Senior Living can be a difficult experience to navigate and the numerous options can feel overwhelming. There are various types of care and communities available for our aging populations. Finding the best fit for you and your family’s needs is the most important. Once you know the type of care that would fit your needs, you can begin to narrow your choice of communities based on location, amenities, and budget. Below are explanations of the types of care or communities you may see referenced as you begin your journey into senior living. While there are definitions below, it is valuable to inquire with a community to learn how they define a certain type of care and what services are included with that care.
CCRC (Continuing Care Retirement Communities) – These communities gather all levels of care into one community. They are part independent living, part assisted living, and part skilled nursing facility.
Memory Care – Memory care communities are usually part of a larger community but are specifically for people suffering from dementia. These communities typically have a higher number of staff for additional supervision and extra security features to prevent residents from wandering unsupervised.
Skilled Nursing/Nursing Home – This option is for older adults who need 24-hour supervised care with meals, activities, and health management. A Skilled Nursing Community must meet criteria for accreditation established for the basis for Medicaid and Medicare reimbursement. Skilled Nursing Care includes rehabilitation and various medical and nursing procedures.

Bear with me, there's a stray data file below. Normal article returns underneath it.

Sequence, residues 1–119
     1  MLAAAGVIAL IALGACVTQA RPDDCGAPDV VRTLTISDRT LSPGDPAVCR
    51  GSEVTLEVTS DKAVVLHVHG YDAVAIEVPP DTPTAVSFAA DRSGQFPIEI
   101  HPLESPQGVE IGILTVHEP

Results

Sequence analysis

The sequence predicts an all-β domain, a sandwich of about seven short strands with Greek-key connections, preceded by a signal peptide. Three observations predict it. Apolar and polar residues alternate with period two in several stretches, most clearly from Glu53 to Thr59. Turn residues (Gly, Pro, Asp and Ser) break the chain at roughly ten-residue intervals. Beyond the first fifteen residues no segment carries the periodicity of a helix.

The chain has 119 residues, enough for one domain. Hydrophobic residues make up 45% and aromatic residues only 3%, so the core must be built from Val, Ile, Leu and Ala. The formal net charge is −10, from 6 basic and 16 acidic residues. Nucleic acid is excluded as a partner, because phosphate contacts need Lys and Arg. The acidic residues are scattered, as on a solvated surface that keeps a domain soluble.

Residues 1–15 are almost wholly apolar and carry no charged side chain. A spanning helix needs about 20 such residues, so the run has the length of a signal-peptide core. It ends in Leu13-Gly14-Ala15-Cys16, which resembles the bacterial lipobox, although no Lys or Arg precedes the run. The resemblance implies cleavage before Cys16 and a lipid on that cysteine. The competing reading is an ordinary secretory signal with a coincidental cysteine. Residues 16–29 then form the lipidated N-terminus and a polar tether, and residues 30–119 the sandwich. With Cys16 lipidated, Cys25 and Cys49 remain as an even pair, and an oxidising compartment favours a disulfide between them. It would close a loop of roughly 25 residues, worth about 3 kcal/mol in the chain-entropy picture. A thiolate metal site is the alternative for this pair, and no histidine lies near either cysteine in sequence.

Assisted Living – An assisted living community typically combines apartment style housing, organized social interaction, and private duty support services as needed. This option is for older adults who can live somewhat independently, but require some assistance with everyday activities such as meals, medication management, or physical assistance with bathing, dressing, and transportation.
Independent Living – Independent Living is a senior living option that is designed to enable independent seniors to enjoy an active lifestyle in a community of their peers. It typically involves apartment-style housing, freestanding homes, or condominiums for an age restricted community of residents.
Adult Day Care Centers – This care option is typically used to relieve the caregiver of his or her duties for the day while ensuring that the care recipient will still receive the proper care in a safe, friendly environment. These centers usually operate during normal business hours five days a week, and some centers also offer additional services during evenings and weekends. In general, there are three main types of adult day care centers: those that focus primarily on social interaction, those that provide medical care, and those dedicated to Alzheimer’s care. Many of these centers are affiliated with other organizations, including home care agencies, skilled nursing facilities, medical centers, or other senior service providers.
Respite Care – Respite care facilities can take many forms. In general, they are assisted living or skilled nursing communities that cater to individuals who need care for a short amount of time. Respite care is a helpful option for those recovering from surgery or a serious illness. It is also good for giving caregivers a much-needed break from the demands of caring for someone else.
Hospice Care – Hospice is a type of care for those with a terminal or life-limiting illnesses. People may receive hospice care in their own home or in a skilled nursing community. Hospice focuses on providing services like pain management to make the person’s life as comfortable as possible. Hospice is for someone who decides to transition to care that treats symptoms instead of fighting a disease.